However, the local town council is adamant no decision has been taken on the matter and emphasised it would not be taken without prior consultation with people likely to be affected.
A letter from well-known pharmacist Liam Sheahan, whose premises is in Main Street, contained the signatures from fellow traders. The matter was discussed during Monday night’s council meeting.
He firmly rejected a media report that the majority of Main Street traders welcomed the pedestrianisation plan.
“It would be nothing short of criminal to impede the flow of traffic through the streets during the recession and it could result in job losses and business closures,” he claimed.
Pedestrianising Main Street has been considered by the council for many years. A number of trial projects have been conducted.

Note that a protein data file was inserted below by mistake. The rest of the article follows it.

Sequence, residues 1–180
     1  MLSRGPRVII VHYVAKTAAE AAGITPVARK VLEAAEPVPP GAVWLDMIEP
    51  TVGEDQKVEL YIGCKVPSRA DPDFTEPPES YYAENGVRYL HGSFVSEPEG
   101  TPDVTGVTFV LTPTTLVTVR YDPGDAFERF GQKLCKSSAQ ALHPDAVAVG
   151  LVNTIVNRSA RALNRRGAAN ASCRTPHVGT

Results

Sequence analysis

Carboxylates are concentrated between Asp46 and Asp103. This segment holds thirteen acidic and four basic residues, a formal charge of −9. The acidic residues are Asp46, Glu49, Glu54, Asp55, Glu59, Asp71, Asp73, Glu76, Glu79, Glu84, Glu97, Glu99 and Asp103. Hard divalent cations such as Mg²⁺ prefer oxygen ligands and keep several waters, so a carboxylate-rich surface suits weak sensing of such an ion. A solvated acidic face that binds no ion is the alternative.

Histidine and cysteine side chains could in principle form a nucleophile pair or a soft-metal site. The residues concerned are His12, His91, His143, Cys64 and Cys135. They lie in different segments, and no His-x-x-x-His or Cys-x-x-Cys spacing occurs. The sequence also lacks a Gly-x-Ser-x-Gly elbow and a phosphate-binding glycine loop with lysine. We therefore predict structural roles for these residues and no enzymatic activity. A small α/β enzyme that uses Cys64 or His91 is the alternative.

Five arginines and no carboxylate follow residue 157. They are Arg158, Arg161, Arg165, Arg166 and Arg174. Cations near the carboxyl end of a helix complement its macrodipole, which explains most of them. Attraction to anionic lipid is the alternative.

Town clerk Michael O’Leary told this week’s meeting a lot of issues needed to be addressed and no decision had been taken.
“Part of any investigation into pedestrianisation would involve not only traders in Main Street, but the public at large, as it is something that would have implications for the whole town,” he added.
Fine Gael’s Hugh Courtney said Killarney did not have the infrastructure or sufficient parking facilities for pedestrianisation.
Labour’s Sean Counihan favoured pedestrianisation and felt Main Street was the ideal place for it.
“But if people don’t want it, we should not spend money on it,” he added.